CHORDING SONG TUTORIALS TECHNIQUE THEORY VLOG

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We all want to be able to sound fancier while we’re playing our chord progressions. This applies to jamming with a band, accompanying yourself while you sing, improvising, songwriting, and anything that involves chording. Many people are concerned that they don’t do enough with their left hand which results in an empty sound. Fear not! There are some really simple ways that you can make your progression sound much more connected and full by adding in fresh rhythms and notes into your left hand. Here are some ideas!

1) Do more of what you are already doing

As a beginner, you are likely just playing a single note per measure in your left hand as your right-hand plays through the progression. Try adding in a few more of the exact same notes you are playing in your left hand. This sounds especially good if you add in notes on the offbeat or the “and”. This is demonstrated perfectly in the video lesson!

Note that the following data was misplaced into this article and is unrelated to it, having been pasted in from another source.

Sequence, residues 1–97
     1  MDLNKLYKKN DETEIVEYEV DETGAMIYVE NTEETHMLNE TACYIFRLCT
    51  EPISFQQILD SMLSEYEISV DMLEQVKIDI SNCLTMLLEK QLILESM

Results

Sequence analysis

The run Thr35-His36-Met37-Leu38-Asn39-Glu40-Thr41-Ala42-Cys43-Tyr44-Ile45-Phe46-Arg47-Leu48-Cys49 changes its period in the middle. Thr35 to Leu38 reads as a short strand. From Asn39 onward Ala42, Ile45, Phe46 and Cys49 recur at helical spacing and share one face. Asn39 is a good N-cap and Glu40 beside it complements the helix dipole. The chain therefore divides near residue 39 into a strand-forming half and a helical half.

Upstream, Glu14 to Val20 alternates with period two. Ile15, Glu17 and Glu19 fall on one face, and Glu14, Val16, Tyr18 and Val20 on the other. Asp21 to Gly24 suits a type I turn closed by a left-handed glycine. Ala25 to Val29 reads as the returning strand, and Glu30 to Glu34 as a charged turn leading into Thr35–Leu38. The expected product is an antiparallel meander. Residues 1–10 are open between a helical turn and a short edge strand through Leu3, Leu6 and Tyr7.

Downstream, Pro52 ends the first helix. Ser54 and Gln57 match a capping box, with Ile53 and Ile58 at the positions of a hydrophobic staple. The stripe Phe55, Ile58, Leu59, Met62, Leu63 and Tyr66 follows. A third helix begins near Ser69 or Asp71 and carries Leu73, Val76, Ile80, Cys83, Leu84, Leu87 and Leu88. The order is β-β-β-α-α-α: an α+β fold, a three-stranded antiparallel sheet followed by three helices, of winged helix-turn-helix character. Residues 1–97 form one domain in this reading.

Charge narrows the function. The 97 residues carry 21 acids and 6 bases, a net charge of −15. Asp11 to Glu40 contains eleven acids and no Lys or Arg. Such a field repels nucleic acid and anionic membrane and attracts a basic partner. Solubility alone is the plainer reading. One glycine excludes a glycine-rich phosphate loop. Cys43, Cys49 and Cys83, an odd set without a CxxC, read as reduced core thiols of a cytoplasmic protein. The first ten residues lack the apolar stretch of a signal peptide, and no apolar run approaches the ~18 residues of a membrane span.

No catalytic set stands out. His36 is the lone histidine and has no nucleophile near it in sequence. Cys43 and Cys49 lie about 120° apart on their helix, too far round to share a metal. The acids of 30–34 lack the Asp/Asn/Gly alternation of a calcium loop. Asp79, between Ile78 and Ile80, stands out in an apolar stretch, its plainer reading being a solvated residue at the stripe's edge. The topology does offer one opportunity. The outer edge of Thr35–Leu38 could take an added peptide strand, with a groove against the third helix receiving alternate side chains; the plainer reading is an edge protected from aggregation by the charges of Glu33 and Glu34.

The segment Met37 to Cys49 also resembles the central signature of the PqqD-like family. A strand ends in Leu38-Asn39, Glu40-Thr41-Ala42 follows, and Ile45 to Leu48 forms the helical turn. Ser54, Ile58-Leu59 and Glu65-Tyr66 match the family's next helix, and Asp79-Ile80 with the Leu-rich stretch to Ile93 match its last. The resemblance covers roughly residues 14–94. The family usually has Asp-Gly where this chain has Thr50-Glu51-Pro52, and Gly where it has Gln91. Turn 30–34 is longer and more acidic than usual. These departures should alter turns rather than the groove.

2) Use passing notes

Anytime you travel the distance of a third (for example from Am to F) you can play the note in between on the offbeat to travel you up or down to the chord you are transitioning to.

3) Play notes that compliment the root note

You can choose any note of the chord you are playing to use as the bass- you don’t have to stick with the root note. Try subbing for the 3rd or 5th for a fresh sound!

4) Add octaves

Using octaves will help you to create a really rich and deep sound when played in solid form. You can also break them up and play them broken to help you pass between your chord. Experiment with playing heavy octaves low on the keyboard, or light octaves in a broken form a little higher up to see how it changes the vibe of what you are playing.

Once you get going with these ideas you will realize that the possibilities are endless!

Have fun!


Lisa Witt

Lisa Witt has been teaching piano for 18 years and in that time has helped hundreds of students learn to play the songs they love. Lisa received classical piano training through the Royal Conservatory of Music, but she has since embraced popular music and playing by ear in order to accompany herself and others.

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